Thanks for any help in this.
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Postby Knowsitall » 23 May 2008 10:40

I think you need the services of a lawyer and a tax expert on this one.

Dangerious to proceed without it.
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Postby Rickdl » 22 Jun 2008 08:51

brucecohen wrote:Also there are "attribution" rules that curb your ability to avoid tax by giving money or property to family members. If you give investment money to your spouse, income earned on that money is attributed back to you for tax purposes. If you give investment money to a minor child, interest and dividends are attributed back to you for tax purposes but capital gains are not.
What if you have a son (minor) who receives a cheque from his great-grandmother payable directly to him as a gift (birthday). Can you open a mutual fund account at TD or some bank in his name and deposit it there?

Where would future dividends, interest, etc be attributed to for tax purposes? Assume not the great-grandmother, hoping not myself. If it's a gift to a minor but not from the direct parents, can the interest & dividends etc be taxable to the minor? I understand when he's 18 the account would be his to do with, but I'm fine with that, it's a gift to him so meant to be his money not ours.

If the answer is yes (as a I hope it is) do I need any proof to show the gift was not from us (his parents) but from great-grandparents? photocopy of the cheque maybe?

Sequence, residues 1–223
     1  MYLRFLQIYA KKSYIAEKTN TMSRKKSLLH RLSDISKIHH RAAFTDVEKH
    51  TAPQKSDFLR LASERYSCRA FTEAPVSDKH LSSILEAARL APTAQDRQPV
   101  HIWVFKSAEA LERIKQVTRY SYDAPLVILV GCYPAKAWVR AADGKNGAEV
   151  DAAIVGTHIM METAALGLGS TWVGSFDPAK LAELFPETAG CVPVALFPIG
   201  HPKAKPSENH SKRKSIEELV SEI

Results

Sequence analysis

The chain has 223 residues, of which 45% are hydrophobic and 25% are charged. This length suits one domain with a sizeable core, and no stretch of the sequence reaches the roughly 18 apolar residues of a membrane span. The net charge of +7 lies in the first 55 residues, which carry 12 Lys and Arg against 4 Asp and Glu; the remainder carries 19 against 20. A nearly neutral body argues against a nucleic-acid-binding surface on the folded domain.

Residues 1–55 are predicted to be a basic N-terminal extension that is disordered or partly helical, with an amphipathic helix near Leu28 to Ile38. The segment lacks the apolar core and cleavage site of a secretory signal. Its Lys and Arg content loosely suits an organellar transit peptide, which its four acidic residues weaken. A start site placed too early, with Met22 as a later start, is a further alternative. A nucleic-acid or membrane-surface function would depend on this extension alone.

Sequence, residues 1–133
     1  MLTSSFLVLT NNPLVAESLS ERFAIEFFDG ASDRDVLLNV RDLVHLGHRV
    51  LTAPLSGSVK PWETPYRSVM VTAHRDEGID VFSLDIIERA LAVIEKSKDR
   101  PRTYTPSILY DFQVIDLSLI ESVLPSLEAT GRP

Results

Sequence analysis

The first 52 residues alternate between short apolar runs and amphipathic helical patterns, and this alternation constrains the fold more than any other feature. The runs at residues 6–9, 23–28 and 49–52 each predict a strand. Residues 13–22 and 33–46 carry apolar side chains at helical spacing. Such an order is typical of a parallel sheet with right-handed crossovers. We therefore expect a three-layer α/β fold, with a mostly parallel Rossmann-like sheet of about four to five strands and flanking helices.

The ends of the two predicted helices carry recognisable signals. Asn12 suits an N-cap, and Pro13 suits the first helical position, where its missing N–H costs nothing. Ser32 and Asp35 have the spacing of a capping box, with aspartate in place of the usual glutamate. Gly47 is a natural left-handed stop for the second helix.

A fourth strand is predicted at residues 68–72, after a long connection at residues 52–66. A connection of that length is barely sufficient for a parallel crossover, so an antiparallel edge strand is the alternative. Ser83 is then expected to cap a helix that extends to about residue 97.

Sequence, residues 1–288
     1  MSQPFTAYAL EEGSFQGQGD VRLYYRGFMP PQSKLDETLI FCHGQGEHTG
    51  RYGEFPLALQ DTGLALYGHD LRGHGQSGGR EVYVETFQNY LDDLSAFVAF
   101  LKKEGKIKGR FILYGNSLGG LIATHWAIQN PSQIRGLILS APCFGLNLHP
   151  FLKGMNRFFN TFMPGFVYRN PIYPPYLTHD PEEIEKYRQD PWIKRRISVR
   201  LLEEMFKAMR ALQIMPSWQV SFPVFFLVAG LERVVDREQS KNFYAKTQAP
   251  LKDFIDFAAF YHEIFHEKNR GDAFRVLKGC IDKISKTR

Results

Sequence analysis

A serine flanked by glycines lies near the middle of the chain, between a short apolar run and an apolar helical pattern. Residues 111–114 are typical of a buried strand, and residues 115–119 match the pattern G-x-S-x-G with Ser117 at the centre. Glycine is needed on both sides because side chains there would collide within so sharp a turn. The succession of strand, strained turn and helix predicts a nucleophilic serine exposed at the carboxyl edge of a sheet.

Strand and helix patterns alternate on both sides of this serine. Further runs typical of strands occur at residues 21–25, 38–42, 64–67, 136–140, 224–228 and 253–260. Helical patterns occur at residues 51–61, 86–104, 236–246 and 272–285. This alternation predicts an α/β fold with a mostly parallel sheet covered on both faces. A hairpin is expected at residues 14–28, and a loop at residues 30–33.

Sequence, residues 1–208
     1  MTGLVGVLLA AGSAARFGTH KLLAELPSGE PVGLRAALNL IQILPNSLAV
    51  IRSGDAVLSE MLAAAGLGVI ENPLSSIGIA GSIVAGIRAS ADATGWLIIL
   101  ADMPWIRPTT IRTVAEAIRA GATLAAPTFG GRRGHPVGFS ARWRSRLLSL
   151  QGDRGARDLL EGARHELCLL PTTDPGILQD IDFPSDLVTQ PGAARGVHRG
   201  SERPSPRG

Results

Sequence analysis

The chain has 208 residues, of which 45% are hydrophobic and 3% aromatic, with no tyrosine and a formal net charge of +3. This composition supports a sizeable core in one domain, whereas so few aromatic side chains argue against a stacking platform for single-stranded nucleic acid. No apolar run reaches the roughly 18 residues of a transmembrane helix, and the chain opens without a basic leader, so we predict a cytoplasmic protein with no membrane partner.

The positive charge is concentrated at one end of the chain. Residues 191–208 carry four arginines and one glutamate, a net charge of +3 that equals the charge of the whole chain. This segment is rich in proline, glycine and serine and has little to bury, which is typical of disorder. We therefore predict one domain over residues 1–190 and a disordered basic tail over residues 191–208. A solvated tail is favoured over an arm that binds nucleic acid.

Posting this question in this thread because the topic was touched on in here (did a forum search for attribution / gift / minors).
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Postby epson600 » 22 Jun 2008 09:06

If i remember correctly.

Capital gains would be taxed to the minor.
Interest & divies would be taxed to the gift giver.

The grandparent opening up an "Informal Trust" should be enough to show who the minor is and who the trustee (gift giver) is. I dont think a minor would be allowed to open up a securities trading account by themselves.
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Postby izzy » 22 Jun 2008 12:22

epson600 wrote:If i remember correctly.

Capital gains would be taxed to the minor.
Interest & divies would be taxed to the gift giver.

The grandparent opening up an "Informal Trust" should be enough to show who the minor is and who the trustee (gift giver) is. I dont think a minor would be allowed to open up a securities trading account by themselves.